Vision and Objectives:  The Epilepsy in English (EiE) workshops were designed to educate, equip and empower people living with epilepsy to engage and become involved with research and bridge the gap between people with the experience, their caregivers, clinicians and neuroscientists. The workshops built upon the successful EiE blog, started in 2018 by FutureNeuro MSCA fellow Dr Gareth Morris, where researchers explain complex publications in plain English ensuring their accessibility.


The target group for the workshops included patients and families of people with epilepsy, patient advocacy organisations, the FutureNeuro research community and members of the public. Feedback was sought and the following comment is illustrative of typical comments: ‘Gene Therapy sounds fascinating, will definitely make a huge difference in the lives of people with epilepsy. I will get in touch with my local politicians to lobby for more investment in epilepsy research’   Attendee of Gene Therapy workshop


Inputs: We co-designed of a series of four workshops together with Epilepsy Ireland, DCU PPI Ignite and a person living with epilepsy. Epilepsy Ireland facilitated the selection of the most relevant topics by surveying its members in order to maximise relevance to patients. To maximise reach, we launched the workshops at the Epilepsy Ireland National Conference in October 2021. The workshops were delivered by 14 FutureNeuro team members along with 5 members of the clinical care network and three patient advocates. Following best practice in engaged research, the format started with a presentation by a researcher or clinician followed by moderated breakout rooms and a wrap-up Q&A. The workshops were originally planned as in-person events at four national locations where FutureNeuro had researcher presence. Due to COVID-19, we pivoted to an on-line format – while this reached a bigger population, feedback indicated a preference for in-person workshops. FutureNeuro and Epilepsy Ireland secured €42,000 SFI Discover funding to develop the series. This supported the development of an online platform, a series of animations to accompany the workshops and pre-recorded content.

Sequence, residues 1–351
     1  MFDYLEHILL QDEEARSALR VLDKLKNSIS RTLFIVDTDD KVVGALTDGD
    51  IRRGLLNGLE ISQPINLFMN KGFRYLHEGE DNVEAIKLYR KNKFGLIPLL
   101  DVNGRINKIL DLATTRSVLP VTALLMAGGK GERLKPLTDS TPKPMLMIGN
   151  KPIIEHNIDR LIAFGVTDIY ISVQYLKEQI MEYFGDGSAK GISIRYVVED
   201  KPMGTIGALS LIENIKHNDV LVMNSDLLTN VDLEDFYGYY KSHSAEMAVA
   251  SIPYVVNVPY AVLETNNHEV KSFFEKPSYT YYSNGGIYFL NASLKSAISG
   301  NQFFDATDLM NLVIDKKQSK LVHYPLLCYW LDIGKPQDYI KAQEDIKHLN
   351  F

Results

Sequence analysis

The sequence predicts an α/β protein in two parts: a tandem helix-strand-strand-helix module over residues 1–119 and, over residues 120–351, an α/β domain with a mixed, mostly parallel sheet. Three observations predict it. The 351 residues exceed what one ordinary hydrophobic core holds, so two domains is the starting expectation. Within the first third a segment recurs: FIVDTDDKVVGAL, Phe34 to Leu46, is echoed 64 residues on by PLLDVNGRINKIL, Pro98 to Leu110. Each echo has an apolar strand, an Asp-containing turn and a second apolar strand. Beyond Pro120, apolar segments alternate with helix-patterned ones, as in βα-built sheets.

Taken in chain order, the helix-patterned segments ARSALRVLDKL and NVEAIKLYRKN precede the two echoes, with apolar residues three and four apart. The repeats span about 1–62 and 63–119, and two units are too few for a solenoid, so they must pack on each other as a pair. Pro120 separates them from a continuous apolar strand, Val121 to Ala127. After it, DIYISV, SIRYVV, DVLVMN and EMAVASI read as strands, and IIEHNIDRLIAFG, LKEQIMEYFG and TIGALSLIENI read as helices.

Outputs:  The EiE workshops addressed Temporal Lobe Epilepsy, Sudden Unexpected Death in Epilepsy (SUDEP), Gene Therapy and Using Technology for Self-monitoring. Each session reached the maximum capacity of 25 people including people with epilepsy, family carers and engaged public. Dr Morris has a publication in preparation.

Outcomes and Evaluation: Epilepsy Ireland surveyed the participants and gathered input regarding format and topics. The participants highlighted the importance of extended Q&A sessions as they provided the opportunity to ask questions to researchers and clinicians. For researchers, the workshops provided direct input to research questions. We found the collaboration with a NGO (Epilepsy Ireland) particularly beneficial and a format we will apply to workshops in other disease areas.

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